*Written by CV Library *

Today’s job market is incredibly competitive for graduates. Because of this, having a degree on its own may not be enough to ensure you land your dream role. Therefore, you need to go that extra mile to ensure you stand out from the crowd.

While this might sound scary, don’t fear! There’s actually a lot you can do to increase your employability whilst at university. And this doesn’t have to involve long, boring hours in the library. In fact, there’s many ways you can actually have fun whilst strengthening your CV.

So read on for more advice on the best ways to boost your employability during your time in higher education.

Taking on volunteer work is a great way to give back to others, meet new people and develop your transferable skills. Whether this is an hour a week helping out in your local community, or spending your whole summer abroad, it all looks good on your CV.

What’s more, volunteering activities require you to develop and learn new skills. For example, you’ll likely be working with others in a team, so you’ll need to be able to co-operate and communicate effectively. You may also have to solve problems and think on your feet at times.

two men and women wearing blue volunteer-printed crew-neck t-shirts
Photo by rawpixel / Unsplash

These experiences will provide you with some great examples to shout about in your job applications and interviews, helping you to demonstrate how you applied your skills in the past.

Join societies and communities
Joining a society not only looks great on your CV, but is a chance for you to get more involved with your university. You could try a new sport, play a musical instrument or write for the university magazine.

Getting involved with a society also means you’ll have to be organised and manage your time around your studies – time management is another trait that employers look for in candidates, so this will look favourable on your CV.

You could even run for captain of your society. Many will include a few head roles, such as ‘social secretary’, ‘event organiser’, ‘captain’ or ‘vice-captain’. Taking on a role such as this will show that you can lead a team – a great skill in the workplace. What’s more, this will come in useful if you’re applying for a senior or management position.

Get a part-time job
Do you want to earn some money while gaining valuable work experience? Getting a part time job is a good way to learn new skills for when you enter full time work. And your part-time job doesn’t always have to be related to your field.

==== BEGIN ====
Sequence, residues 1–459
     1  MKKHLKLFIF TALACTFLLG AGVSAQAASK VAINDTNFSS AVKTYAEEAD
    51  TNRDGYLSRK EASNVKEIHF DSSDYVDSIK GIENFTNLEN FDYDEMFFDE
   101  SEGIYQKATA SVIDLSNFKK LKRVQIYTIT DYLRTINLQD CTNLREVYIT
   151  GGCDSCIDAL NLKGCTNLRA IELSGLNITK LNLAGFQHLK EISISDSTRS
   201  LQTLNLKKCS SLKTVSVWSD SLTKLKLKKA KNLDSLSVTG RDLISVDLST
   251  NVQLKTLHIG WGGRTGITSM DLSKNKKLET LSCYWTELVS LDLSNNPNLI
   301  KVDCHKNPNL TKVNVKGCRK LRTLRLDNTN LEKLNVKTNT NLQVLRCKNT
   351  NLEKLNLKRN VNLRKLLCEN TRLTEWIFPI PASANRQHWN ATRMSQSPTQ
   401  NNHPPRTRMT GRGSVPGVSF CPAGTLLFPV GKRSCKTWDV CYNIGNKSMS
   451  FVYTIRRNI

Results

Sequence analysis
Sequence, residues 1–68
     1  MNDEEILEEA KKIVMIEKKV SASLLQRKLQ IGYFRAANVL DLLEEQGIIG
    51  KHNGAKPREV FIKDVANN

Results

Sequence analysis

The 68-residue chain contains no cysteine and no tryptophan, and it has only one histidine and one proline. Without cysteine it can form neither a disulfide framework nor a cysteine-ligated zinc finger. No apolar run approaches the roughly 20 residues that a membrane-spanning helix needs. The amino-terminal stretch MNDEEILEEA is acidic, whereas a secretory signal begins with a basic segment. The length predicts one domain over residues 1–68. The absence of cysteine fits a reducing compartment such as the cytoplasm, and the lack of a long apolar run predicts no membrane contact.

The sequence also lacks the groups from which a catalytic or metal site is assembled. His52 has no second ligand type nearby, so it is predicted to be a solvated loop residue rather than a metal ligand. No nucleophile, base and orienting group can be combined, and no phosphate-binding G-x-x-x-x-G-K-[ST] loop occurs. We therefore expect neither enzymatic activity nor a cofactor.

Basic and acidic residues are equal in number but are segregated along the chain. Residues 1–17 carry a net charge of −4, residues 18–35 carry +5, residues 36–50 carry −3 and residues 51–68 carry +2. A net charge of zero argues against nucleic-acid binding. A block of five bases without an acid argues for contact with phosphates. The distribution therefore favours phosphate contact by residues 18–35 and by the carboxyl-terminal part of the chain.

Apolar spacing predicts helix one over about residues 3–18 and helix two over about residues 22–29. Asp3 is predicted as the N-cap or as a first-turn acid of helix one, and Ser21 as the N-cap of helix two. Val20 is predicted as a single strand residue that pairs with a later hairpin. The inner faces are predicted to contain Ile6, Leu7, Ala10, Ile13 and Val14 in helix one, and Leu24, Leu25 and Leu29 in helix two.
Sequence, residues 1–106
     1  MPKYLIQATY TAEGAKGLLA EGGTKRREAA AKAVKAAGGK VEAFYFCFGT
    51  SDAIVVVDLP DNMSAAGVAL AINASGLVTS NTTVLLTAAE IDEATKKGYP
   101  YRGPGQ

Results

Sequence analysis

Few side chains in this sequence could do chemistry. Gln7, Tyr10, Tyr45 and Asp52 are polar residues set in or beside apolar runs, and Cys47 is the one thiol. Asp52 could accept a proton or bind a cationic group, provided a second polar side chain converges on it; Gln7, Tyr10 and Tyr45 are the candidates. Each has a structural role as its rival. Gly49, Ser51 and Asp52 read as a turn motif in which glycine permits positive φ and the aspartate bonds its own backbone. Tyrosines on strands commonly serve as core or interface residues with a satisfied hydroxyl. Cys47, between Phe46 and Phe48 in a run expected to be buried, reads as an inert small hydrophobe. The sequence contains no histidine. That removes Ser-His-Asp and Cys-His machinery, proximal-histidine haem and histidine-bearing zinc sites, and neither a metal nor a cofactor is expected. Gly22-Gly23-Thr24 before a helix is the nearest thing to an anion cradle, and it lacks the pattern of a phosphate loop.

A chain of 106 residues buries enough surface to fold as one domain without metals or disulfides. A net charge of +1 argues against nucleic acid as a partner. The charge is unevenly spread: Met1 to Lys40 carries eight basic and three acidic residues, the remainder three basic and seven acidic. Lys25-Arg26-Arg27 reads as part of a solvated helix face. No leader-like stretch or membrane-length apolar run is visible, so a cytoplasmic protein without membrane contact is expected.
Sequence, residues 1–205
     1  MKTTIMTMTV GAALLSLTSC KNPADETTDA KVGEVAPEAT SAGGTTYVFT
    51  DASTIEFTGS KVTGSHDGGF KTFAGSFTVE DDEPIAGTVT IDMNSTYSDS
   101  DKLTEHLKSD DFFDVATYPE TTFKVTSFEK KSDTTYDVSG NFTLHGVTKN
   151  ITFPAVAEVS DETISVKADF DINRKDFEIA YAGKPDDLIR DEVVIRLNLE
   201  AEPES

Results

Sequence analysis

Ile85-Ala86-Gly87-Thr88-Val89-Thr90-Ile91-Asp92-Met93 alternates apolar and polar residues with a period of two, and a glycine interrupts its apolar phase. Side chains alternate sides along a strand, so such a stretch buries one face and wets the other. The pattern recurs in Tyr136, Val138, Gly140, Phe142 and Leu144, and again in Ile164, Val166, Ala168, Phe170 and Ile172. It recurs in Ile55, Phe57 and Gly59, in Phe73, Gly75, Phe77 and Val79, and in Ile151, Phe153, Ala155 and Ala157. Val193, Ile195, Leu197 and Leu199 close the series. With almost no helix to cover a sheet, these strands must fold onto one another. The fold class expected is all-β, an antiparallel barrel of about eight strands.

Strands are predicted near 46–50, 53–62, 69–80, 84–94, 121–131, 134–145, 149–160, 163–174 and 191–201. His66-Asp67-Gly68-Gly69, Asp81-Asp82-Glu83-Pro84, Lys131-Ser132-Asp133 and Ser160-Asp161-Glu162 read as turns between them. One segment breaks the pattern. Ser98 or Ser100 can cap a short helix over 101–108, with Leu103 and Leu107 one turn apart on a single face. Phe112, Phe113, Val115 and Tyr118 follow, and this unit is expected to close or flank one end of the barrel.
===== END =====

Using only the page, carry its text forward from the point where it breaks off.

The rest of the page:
If you work in a busy restaurant, you’ll learn about working under pressure, or if your job is in a retail store, you can learn about managing money and communicating with customers.

MacBook Pro, white ceramic mug,and black smartphone on table
Photo by Andrew Neel / Unsplash

No matter what role you work in, you can talk about the transferable skills you’ve learnt from your part-time job on your CV. Plus you’ll be able to provide a reference if your future employer asks for one.

Take on some work experience
Consider doing some work experience, whether that’s an internship, work shadowing, or a two week placement. This will give you some great talking points for your CV.

Internships are a good option because they can be paid and give you a chance to actually try out the work that someone in the role does. And, while they can be competitive to secure, if you land one you’ll gain a real insight into working in a specific industry.

MacBook Pro near green potted plant on table
Photo by Kevin Bhagat / Unsplash

Whether that’s your industry of choice, or a role you hadn’t considered before, it can all be useful. It will give you the opportunity to discover if you will enjoy working in that area, helping you find a clearer direction for your post-university career path.

What’s more, if you work hard, you may even get a job offer for after you graduate. And if this isn’t a possibility, you’ve still made some industry connections to refer back to when you’re searching for your first graduate job. They might have friends in the industry they can connect you with or recommend a company to work for.

Learn new skills
During your three years at university, you’ll probably have a lot of free time in between lectures (occasionally reserved for a Netflix binge!). So make use of this time when you can, to learn a new skill. This can give you something different to talk about on your CV and help you to stand out.

Why not learn a language! There are many apps you can download to learn words and phrases. Some universities will even offer classes to students keen to do so.

programming codes
Photo by Branko Stancevic / Unsplash

Employers will value that you’ve taken the time to learn a new skill. Plus bilingual speakers are in demand with companies in our multicultural society.

And if learning a language isn’t your cup of tea, you could try an online course in your free time. You could learn about SEO, marketing or other digital skills which can help you in the workplace.

Boost your employability as a student
University isn’t just about the learning you do in the classroom. It’s about boosting your employability and preparing you for the world of work. So make sure that you use this time wisely to help you land your dream job after you graduate.

Get more careers advice from CV Library including a cover letter and how to optimise your job search at www.cv-library.co.uk/